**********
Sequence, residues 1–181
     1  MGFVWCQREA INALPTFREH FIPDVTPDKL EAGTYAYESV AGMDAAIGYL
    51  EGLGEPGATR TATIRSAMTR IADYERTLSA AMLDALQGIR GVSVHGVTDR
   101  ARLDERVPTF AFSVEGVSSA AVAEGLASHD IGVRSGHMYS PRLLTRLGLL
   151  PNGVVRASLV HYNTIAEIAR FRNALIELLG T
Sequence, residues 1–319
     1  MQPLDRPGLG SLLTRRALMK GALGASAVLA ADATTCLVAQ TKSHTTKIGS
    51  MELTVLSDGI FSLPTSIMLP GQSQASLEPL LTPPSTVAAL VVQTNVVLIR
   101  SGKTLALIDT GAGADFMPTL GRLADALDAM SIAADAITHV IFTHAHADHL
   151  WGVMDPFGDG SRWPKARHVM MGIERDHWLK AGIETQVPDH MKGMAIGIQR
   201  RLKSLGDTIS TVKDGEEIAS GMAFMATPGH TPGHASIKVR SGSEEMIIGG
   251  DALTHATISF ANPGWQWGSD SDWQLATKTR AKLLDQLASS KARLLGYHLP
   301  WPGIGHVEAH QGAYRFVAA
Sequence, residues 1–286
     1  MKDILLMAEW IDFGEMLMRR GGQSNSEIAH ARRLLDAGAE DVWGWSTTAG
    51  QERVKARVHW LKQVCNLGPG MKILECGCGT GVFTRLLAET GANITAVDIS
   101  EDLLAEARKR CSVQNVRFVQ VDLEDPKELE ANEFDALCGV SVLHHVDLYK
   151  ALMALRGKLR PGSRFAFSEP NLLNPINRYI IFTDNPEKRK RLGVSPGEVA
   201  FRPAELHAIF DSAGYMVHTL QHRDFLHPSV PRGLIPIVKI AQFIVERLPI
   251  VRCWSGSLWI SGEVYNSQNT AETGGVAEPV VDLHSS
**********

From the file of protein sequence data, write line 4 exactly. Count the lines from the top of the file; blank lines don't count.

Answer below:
   101  ARLDERVPTF AFSVEGVSSA AVAEGLASHD IGVRSGHMYS PRLLTRLGLL